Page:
Greg Myre

Greg Myre is a national security correspondent with a focus on counter-terrorism, a topic he has covered in the U.S., the Middle East and in many other countries around the world for more than two decades.

He was previously the international editor for NPR.org, working closely with NPR correspondents around the world and national security reporters in Washington. He heads the Parallels blog and is a frequent contributor to the website on global affairs. Prior to his current position, he was a senior editor at Morning Edition from 2008-2011.

Before joining NPR, Myre was a foreign correspondent for 20 years with The New York Times and The Associated Press.

He was first posted to South Africa in 1987, where he witnessed Nelson Mandela's release from prison and reported on the final years of apartheid. He was assigned to Pakistan in 1993 and often traveled to war-torn Afghanistan. He was one of the first reporters to interview members of an obscure new group calling itself the Taliban.

Myre was also posted to Cyprus and worked throughout the Middle East, including extended trips to Iran, Iraq, Syria, Lebanon, Turkey, and Saudi Arabia. He went to Moscow from 1996 to 1999, covering the early days of Vladimir Putin.

He was based in Jerusalem from 2000-2007, reporting on the heaviest fighting ever between Israelis and the Palestinians.

In his years abroad, he traveled to more than 50 countries and reported on a dozen wars. He and his journalist wife Jennifer Griffin co-wrote a 2011 book on their time in Jerusalem, entitled, This Burning Land: Lessons from the Front Lines of the Israeli-Palestinian Conflict.

Myre is a scholar at the Middle East Institute in Washington and has appeared as an analyst on CNN, PBS, BBC, C-SPAN, Fox, Al Jazeera and other networks. He's a graduate of Yale University, where he played football and basketball.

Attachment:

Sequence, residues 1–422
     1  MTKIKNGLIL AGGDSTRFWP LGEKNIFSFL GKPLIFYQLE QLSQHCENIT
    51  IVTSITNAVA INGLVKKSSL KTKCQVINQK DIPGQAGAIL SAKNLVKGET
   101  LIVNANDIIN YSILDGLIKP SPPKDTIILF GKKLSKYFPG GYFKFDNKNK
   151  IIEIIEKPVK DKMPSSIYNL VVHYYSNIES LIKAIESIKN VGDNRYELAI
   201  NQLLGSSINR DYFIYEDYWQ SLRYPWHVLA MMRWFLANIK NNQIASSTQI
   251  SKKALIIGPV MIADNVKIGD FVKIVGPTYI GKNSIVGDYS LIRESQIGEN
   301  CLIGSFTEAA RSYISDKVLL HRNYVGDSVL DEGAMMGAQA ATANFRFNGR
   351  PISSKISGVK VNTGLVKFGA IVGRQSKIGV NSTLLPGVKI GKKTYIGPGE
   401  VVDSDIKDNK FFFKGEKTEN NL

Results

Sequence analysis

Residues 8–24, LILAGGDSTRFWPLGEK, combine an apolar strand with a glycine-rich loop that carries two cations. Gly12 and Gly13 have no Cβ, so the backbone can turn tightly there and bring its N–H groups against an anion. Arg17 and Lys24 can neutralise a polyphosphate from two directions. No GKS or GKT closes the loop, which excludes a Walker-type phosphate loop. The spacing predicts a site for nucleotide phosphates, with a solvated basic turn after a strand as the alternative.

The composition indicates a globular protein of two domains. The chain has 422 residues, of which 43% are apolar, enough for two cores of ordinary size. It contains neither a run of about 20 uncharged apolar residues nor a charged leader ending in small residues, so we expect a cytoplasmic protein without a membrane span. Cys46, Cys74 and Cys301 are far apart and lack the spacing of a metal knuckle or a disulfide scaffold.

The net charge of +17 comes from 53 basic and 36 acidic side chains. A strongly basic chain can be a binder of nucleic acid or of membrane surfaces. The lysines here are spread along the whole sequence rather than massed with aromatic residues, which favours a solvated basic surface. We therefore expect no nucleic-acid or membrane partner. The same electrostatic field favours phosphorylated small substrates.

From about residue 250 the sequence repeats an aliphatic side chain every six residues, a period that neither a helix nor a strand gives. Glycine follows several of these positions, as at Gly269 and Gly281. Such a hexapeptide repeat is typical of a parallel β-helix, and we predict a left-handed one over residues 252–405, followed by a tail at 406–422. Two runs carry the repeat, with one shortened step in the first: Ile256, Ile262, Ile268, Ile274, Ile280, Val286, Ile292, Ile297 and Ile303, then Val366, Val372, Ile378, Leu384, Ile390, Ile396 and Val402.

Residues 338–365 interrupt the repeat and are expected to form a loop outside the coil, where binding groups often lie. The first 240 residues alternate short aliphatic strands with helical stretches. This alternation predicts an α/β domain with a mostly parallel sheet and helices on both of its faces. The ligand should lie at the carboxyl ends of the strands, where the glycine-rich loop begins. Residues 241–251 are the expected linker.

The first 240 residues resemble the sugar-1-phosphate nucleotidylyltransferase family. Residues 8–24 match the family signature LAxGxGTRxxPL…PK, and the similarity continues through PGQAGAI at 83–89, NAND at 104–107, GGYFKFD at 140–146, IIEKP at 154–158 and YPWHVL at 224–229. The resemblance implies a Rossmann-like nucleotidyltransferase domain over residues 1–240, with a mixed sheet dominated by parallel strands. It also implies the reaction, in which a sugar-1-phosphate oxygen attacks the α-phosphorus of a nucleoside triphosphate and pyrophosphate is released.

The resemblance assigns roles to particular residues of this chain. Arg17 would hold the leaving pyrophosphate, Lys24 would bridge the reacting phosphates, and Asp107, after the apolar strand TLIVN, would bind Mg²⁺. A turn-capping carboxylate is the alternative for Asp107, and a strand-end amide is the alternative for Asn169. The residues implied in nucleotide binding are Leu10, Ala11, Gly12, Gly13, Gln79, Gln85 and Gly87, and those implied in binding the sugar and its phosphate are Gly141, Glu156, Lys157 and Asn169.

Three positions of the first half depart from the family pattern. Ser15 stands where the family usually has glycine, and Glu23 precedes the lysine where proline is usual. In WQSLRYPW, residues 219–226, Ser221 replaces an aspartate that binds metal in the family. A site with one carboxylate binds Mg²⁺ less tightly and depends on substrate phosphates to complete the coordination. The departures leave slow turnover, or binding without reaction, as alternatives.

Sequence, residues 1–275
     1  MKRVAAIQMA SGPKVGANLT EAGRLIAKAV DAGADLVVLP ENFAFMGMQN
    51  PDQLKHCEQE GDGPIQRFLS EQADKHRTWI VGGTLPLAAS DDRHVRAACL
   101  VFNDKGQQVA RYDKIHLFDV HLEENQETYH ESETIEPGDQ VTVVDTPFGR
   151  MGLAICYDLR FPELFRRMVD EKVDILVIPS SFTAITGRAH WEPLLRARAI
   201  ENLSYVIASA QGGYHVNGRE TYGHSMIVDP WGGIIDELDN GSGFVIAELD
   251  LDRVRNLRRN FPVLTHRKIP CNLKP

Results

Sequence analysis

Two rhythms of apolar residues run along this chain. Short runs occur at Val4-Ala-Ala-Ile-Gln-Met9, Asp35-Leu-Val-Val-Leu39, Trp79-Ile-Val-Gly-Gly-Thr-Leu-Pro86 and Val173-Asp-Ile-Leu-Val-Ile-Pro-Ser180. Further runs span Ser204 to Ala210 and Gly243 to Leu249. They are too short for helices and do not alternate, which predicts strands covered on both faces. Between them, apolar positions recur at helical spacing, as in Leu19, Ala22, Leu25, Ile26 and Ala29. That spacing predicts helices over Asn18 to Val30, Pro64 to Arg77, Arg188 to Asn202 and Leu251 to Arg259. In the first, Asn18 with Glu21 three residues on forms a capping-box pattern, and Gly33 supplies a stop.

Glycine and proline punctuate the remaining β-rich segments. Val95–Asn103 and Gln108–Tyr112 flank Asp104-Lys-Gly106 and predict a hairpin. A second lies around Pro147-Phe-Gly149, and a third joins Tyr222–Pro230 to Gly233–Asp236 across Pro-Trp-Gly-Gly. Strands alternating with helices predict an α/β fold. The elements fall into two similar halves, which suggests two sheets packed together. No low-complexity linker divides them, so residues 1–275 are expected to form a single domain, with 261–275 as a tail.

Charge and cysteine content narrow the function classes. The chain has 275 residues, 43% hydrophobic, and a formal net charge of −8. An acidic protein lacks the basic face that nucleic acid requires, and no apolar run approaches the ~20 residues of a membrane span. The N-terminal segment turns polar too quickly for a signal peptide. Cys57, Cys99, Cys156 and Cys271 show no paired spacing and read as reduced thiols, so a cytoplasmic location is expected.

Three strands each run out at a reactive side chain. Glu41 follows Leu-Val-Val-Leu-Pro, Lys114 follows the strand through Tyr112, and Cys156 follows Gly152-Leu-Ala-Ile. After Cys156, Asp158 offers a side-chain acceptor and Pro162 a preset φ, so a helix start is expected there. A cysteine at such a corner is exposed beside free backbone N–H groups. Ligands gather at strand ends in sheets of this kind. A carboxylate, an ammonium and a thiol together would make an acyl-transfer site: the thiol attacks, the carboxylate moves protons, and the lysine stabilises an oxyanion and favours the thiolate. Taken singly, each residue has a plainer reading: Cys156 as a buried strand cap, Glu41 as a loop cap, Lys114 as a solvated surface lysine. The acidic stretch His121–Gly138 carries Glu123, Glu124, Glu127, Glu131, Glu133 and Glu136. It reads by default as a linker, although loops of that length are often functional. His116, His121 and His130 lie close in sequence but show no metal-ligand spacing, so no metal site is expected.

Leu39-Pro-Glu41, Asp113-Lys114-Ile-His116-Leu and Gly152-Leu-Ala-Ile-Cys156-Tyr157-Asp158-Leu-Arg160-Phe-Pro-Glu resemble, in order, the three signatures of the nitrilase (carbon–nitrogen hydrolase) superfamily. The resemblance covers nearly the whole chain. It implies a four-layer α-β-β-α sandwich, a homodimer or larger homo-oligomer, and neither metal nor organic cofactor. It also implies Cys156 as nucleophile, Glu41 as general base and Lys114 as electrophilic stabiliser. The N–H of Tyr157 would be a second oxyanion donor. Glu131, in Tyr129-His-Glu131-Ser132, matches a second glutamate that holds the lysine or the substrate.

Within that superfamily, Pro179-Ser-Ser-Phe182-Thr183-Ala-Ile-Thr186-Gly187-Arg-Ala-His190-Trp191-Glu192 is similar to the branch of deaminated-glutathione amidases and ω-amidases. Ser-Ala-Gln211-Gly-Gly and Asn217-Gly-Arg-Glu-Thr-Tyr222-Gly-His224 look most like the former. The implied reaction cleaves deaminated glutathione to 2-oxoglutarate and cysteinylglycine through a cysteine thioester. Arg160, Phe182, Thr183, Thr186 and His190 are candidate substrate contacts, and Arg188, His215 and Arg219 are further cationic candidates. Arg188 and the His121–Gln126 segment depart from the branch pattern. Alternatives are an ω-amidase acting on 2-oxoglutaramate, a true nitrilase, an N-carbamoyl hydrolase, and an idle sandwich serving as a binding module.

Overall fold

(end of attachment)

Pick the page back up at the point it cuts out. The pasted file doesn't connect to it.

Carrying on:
Mike Pompeo, whom President Trump tapped Tuesday to replace Rex Tillerson as secretary of state, has an extraordinary résumé. He graduated at the top of his class at West Point. He served as a tank officer in Europe. He went to Harvard Law School.

He was a corporate lawyer who launched a successful aerospace business. He got elected to Congress as a Tea Party Republican from Kansas in 2010. For more than a year, he has run the CIA.

However, he has never been a diplomat, either by profession or temperament.

President Trump and North Korean leader Kim Jong Un don't exactly travel in the same circles. Yet there's a man who's spent quality time with both of them: Dennis Rodman.

Trump fired Rodman for misspelling his wife's name when the ex-NBA star appeared on Trump's reality TV show, The Apprentice, in 2013. And Rodman has visited North Korea several times, including last year, to serve as an informal diplomat and basketball guru to Kim.

At first glance, five killings in three states since last May appeared to be unrelated, isolated cases.

But a common thread is emerging. Three young men have been charged, and all appear to have links to the same white supremacist group: the Atomwaffen Division.

Atomwaffen is German for "atomic weapons," and the group is extreme. It celebrates Adolf Hitler and Charles Manson, its online images are filled with swastikas, and it promotes violence.